It’s only been the second installation of TernoCon, a project led by Bench and the Cultural Center of the Philippines, and we’ve already witnessed a plethora of beautiful ternos that prove that the piece’s design and craftsmanship have much more potential than we’ve ever imagined.
The convention and competition gathers 13 of the most imaginative designers in the country, in the hopes of reviving the dwindling art of terno-making. Veteran designers Ivarluski Aseron, Philip Rodriguez, and Lesley Mobo, served as this year's mentors.
“The terno is a Filipino pride, a cultural icon that speaks volumes about the country’s history and heritage... For a Filipino garment that holds so much history and tradition, it’s saddening to see the terno struggle for survival through the years. There is an entire generation of young designers who don’t know what a terno should look like,” CCP Chair Margie Moran said during her opening speech.
Moran also notes the importance of preserving terno-making, and says that it should be “second nature” for every designer, much like how designers from other countries know their national attire by heart. “There are some things that should remain constant, like our terno. We just need to find a good balance between traditional and contemporary [design], preservation and reinvention, without sacrificing everything the terno encompasses and symbolizes,” she continues.
“I do believe the terno brings out the best in Filipino designers. It is not easy to design a terno. You have to dig deep, study, do research, and you have to design with love in your heart," said Bench founder Ben Chan.
It is safe to say that the project has achieved its goal of unleashing the best of Filipino design, as evidenced by the masterpieces that sashayed down the runway in TernoCon's sophomore show.
The designs upheld the terno’s distinct shape, while experimenting with different fabrics, embroidery, and colors, to breathe new life into a once outdated garment that is now seeing a ressurgence. The designers proved that it is possible to fuse the traditional with the contemporary in a wearable, marketable way that stays true to the integrity of the terno as cultural piece.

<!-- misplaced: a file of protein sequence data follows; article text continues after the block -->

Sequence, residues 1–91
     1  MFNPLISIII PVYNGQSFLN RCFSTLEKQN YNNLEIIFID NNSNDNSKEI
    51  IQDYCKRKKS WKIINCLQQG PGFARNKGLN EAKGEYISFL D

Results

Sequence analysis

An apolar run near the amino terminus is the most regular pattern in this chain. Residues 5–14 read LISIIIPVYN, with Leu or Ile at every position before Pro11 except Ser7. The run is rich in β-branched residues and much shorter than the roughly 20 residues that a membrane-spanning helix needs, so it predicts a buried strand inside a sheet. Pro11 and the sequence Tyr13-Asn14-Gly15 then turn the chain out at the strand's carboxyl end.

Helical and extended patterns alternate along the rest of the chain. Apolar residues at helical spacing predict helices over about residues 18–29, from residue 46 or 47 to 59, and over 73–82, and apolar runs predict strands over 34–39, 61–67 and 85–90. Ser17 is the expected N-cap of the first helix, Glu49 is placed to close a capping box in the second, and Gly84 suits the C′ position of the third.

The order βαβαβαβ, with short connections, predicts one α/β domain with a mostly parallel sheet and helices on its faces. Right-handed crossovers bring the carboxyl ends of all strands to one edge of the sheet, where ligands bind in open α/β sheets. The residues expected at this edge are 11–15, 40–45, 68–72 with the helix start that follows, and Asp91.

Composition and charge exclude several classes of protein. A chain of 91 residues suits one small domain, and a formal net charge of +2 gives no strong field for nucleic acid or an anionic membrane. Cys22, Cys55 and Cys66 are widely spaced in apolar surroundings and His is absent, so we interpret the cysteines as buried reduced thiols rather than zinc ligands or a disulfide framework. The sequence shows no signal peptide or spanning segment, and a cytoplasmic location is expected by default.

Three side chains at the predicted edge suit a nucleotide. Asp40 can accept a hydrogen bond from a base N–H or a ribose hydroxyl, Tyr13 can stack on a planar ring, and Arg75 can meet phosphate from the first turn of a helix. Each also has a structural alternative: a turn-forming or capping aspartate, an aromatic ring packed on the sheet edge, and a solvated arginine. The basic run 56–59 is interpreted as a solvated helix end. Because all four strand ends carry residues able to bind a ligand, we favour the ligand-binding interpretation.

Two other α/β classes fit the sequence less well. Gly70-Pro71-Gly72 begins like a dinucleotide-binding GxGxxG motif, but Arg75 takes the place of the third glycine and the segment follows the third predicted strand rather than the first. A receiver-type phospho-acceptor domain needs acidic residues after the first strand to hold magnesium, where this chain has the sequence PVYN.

This was especially palpable in the designs of the three winners. Dinnes Obusan took home the bronze medal, Jaggy Glarino won silver, and Hannah Adrias took home the gold medal. Check out their winning collections below, as well those of the other contestants:
Hannah Adrias, Gold Medal
Hannah’s utilitarian collection of contemporary ternos was inspired by empowering women. The Slim’s graduate confesses that the fatigue green color has been her go-to choice since her fashion school days. Although she is a minimalist, she chose to explore her potential by adding things she would not have used before, like beadwork on the shoes, the terno’s skirt, and even on the epaulettes of the bodice.
Jaggy Glarino, Silver Medal
Jaggy, who hails from General Santos, designed an ethereal collection of pristine, softly sculpted gowns inspired by the corpiño, the chemise worn by Filipinos during the colonial period. “It’s a synthesis of butterflies, so the cocoon is shedding from the first second and third [stages],” he shared with Preview.
Dinnes Obusan, Bronze Medal
Camarines Sur-born designer Dinnes Obusan concocted an all-black collection featuring waves that fell down beautifully into fringe. "About my collection, base po siya sa final exam ko sa dress-making last 2018... the theme for that exhibit is 'Laro' kaya po naging inspiration ko is Chinese garter... yung sinuot ni Gabbi Garcia sa TernoCon 2018. From, there nabuo yong collection ko this TernoCon 2020—same technique and materials—but different color. Yung mga movements ng loops, ang naging inspiration ay fingerprint. Isa-isa ko siya tinatahi by hand," he shared with Preview.
Check out the collections by the mentors below: